Seldom have so many owed so much to so few. No, I am not talking about the brave British fighter pilots who resisted the German air attacks on the UK during World War 2, but about a small group of companies that have helped ensure the US continues to be one of the absolutely best performing equity markets.
The five digital giants Microsoft, Apple, Amazon, Alphabet (Google) and Facebook epitomise the digital age and the new habits we have acquired since the dawn of the new millennium, and via their strong business models they currently account for around 21% of the S&P 500 index, which includes 500 of the biggest listed companies in the US. Never before have the five biggest companies in the S&P 500 index made up so large a share of the index – the previous record was set in 2000, when Microsoft, GE, Cisco, Intel and WalMart accounted for around 18% of the S&P 500.
In recent years, this digital fivesome has accounted for an ever increasing share of the index as the global frontrunners for a new generation of digital companies, and our tackling of the coronavirus by means of lockdowns and social distancing has only given many digital companies a further boost.
Stay-at-home companies, in other words companies that allow us to work, shop and, not least, entertain ourselves at home have rightly proved particularly robust in recent months. Equity prices for many of these companies have fared noticeably better during the corona crisis than the market in general – Amazon’s share price, for example, has in fact risen. In the shorter term, however, this could potentially present them with something of a challenge equity price-wise. The explanation for this is as follows:
Many equities in, for example, the financial, industrial and oil sectors have been dealt a severe blow by the corona crisis, as the economic slowdown has hit them harder and so they now constitute a lesser share of many investors’ portfolios than was the case just a few months ago. That is also why we have seen investors flock to these equities in recent weeks on days when the financial markets are marked by optimism about the coronavirus pandemic and the imminent reopening of the world’s economies – and this trend may well be reinforced later this year.
At Danske Bank, we are expecting to see a gradual recovery in global economic activity in the course of the second half of this year, and this may further sharpen investor appetite for the hardest hit sectors, such as financials, industrials and oil, at the expense of others – including the digital companies.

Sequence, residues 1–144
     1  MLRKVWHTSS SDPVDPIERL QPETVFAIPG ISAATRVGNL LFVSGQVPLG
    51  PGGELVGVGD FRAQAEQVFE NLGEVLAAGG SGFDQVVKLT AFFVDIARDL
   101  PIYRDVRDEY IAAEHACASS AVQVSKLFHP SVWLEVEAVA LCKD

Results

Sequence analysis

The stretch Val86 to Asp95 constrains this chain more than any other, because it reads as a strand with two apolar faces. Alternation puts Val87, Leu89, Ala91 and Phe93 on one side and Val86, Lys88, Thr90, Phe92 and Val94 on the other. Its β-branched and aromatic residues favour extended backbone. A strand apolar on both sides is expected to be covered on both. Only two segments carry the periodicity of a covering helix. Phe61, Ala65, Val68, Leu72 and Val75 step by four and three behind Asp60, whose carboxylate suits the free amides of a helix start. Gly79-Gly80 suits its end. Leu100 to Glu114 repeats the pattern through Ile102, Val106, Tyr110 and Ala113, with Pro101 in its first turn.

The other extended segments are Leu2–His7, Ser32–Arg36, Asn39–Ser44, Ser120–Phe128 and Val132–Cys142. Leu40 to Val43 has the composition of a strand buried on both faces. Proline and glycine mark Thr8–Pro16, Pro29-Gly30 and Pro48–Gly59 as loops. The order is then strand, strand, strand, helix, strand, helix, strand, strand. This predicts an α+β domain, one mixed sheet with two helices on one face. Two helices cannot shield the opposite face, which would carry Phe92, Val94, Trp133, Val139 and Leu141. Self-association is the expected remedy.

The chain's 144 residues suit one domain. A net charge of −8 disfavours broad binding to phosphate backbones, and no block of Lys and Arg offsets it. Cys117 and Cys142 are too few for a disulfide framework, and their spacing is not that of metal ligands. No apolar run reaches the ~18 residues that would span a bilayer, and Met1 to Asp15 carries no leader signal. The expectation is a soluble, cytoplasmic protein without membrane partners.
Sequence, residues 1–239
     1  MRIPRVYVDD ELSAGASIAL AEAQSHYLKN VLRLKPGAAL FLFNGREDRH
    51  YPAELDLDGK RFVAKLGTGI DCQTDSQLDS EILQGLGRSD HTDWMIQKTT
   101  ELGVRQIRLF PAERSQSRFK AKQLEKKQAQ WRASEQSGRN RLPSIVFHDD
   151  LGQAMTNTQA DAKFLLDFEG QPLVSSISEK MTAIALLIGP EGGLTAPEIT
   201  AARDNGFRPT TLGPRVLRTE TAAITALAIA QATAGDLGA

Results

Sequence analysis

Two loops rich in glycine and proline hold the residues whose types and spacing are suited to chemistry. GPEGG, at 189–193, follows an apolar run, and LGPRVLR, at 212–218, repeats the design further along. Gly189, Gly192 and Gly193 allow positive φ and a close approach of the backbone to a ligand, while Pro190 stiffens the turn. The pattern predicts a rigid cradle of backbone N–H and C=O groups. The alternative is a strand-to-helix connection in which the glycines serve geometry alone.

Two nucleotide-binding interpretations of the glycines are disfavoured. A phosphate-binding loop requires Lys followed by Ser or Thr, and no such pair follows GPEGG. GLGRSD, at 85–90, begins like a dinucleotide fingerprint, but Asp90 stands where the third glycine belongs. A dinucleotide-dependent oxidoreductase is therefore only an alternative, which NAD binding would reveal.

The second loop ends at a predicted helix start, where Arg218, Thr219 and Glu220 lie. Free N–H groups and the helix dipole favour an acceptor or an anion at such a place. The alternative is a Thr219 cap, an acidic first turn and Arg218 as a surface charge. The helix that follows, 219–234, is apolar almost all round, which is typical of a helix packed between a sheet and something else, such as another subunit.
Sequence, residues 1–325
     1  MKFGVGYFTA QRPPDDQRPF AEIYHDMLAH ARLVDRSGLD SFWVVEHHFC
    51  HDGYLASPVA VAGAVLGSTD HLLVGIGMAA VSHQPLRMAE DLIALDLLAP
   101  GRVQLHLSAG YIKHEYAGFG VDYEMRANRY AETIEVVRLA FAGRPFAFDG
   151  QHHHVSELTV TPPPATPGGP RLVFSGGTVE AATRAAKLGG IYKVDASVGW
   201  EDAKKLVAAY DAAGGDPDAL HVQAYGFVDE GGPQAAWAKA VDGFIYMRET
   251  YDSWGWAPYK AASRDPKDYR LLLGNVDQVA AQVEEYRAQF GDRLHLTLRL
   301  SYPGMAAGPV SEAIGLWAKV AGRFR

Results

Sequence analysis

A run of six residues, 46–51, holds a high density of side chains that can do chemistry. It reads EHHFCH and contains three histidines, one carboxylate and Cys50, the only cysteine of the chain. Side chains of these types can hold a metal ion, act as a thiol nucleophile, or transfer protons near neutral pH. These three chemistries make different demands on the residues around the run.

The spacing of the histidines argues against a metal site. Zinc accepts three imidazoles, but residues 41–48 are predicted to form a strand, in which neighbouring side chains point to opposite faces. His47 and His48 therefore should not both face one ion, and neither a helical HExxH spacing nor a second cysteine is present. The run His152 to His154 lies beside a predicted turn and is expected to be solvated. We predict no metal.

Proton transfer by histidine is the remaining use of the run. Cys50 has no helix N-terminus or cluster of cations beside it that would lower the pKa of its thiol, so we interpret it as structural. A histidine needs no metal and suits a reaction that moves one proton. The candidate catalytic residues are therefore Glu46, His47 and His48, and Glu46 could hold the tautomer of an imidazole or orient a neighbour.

But if I am expecting such a sector rotation later in the year, should I then not dampen my enthusiasm for digital and tech equities, you may ask? The short answer is no. For while there may be periods when digital companies cannot quite keep up with the market, the overall trend towards increased digitalisation is unstoppable, and as investors it is important that we are exposed to the sector.
Many of the digital habits we have acquired or reinforced during the corona crisis will doubtless linger. Many more people have had their eyes opened to the convenience of having groceries delivered to their doorstep, to how much digital home entertainment means when much of society is in closed down, and to how important it is for companies to be able to keep their businesses running without everyone being in the same room.
The best alternative – for now
As a strategist, I am constantly assessing the various investment alternatives against each other. Right now, I cannot see a more attractive long-term trend than our digital transformation, so until something else becomes obviously undervalued and has a considerably lower risk, digital equities is where I see the best opportunities for earning a higher return than the equity market in general.
But remember that nothing lasts forever – including the five digital giants’ dominance of the S&P 500 index. Looking 20 years ahead, new companies will doubtless force their way into the top echelons and become the latest price rockets, just as we have seen over the past 20 years, which is why solid, broad exposure to the equity market is always important. Once that broad base is in place, you can then try to sprinkle a few select winner on top – but remember to replace them when new candidates come knocking.